And if you think you might prefer tackling aural tests that don't require superhuman feats of memory - or singing - there's always Trinity .
I think that there is a lot of memory involved in Trinity aural, especially at later grades with the spot the difference and describing features.
I agree with this also. I did a related test for Part I Music BA at Reading, but there you listened to a recording while looking at the sheet music and marked differences in pitch or rhythm.* The Grade 7 Trinity Aural demo that I just saw and heard on the WWW was much more difficult, both in the subtlety of the differences and the demands on memory.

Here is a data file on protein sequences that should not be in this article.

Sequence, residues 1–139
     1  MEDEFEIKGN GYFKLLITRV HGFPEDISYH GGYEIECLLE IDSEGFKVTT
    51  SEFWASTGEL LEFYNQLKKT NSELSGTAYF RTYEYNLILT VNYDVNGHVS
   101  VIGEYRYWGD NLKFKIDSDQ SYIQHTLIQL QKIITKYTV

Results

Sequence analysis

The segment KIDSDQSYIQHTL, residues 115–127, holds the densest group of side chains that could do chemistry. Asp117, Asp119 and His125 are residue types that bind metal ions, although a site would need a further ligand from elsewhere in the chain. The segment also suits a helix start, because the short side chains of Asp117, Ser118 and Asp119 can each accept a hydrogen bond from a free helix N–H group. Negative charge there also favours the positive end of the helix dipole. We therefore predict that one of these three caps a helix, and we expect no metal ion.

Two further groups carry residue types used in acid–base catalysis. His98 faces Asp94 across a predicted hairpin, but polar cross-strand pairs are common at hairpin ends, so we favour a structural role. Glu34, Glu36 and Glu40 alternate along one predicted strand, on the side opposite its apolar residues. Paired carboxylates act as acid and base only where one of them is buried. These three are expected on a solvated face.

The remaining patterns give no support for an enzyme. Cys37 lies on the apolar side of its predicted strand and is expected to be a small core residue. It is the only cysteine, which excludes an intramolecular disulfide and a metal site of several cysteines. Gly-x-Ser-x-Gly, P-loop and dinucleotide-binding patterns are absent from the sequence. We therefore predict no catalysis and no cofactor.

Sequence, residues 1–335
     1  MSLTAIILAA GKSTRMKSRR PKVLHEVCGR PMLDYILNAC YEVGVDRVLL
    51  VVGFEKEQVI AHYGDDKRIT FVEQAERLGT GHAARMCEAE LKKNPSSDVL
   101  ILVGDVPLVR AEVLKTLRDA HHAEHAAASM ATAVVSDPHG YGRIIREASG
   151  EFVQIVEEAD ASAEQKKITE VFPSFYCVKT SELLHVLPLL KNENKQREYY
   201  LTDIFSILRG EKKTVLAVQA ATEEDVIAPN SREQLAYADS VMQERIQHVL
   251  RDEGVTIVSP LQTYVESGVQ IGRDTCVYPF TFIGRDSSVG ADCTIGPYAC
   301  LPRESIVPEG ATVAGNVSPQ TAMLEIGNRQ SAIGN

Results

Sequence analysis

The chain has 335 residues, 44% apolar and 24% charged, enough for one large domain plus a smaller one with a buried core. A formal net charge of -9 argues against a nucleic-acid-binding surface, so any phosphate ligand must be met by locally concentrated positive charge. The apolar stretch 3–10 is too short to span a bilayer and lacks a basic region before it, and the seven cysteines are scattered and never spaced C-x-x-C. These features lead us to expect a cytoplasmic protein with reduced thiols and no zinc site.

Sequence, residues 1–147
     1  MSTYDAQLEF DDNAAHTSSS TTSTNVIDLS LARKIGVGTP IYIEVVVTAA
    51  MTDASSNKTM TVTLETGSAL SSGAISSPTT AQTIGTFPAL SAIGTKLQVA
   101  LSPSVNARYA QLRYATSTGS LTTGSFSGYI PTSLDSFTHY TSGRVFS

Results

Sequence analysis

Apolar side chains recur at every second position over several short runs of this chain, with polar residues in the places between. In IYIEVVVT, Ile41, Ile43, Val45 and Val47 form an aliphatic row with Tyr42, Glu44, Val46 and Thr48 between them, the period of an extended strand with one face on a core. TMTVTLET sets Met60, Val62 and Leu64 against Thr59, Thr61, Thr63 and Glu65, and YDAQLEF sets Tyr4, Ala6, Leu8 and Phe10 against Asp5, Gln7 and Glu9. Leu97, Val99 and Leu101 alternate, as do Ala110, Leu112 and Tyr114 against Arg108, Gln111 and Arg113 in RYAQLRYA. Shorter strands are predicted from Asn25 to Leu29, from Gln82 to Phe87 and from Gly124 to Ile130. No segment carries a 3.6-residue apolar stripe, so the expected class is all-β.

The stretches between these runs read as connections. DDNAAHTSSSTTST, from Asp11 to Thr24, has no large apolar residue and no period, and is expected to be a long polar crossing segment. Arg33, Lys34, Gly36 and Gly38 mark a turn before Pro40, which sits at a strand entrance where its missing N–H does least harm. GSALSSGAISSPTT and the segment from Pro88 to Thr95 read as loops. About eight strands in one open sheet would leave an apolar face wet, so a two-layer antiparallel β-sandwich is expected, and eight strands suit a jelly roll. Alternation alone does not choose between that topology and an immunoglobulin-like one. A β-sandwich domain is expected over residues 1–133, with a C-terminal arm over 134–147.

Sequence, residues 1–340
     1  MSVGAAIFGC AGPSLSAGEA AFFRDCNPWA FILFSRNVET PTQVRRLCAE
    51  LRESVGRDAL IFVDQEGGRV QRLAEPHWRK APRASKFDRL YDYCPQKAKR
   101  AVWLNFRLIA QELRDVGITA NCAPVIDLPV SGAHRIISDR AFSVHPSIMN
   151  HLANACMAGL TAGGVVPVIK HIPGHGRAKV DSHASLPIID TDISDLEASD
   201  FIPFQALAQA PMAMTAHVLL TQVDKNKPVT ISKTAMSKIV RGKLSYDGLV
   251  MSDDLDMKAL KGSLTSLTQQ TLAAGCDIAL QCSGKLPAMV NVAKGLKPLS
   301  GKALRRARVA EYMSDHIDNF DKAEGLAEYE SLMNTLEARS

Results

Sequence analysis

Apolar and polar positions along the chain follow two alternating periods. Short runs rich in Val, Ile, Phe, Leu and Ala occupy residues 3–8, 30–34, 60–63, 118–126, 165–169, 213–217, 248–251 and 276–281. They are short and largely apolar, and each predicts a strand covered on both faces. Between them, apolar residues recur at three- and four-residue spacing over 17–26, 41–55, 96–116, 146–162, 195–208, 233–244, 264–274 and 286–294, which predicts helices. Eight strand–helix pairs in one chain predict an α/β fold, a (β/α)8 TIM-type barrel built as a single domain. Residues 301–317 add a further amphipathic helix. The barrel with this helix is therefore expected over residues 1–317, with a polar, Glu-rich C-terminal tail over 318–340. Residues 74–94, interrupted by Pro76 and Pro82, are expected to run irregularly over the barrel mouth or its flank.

Hearing the differences between sound and score is an important skill for a conductor or a teacher, so Reading wins on that one. OTOH, a good conductor ought also to have a good memory for a performance, so as to run through a substantial chunk of music, and then go to the sections that differed from what s/he wants and put it right. Sir Adrian Boult, working with good British orchestras and minimal rehearsal time, would not even try it again: he would run a movement of a symphony, then tell the players all the changes he wanted to hear (George Hurst called it "Boult's laundry list") and expect to hear them in the performance. He tried that on a tour of the US as guest conductor of several orchestras, but found that with American players you had to run it through to get anything different from what they had just played.
* E.g. dotted rhythms that sounded like triplets.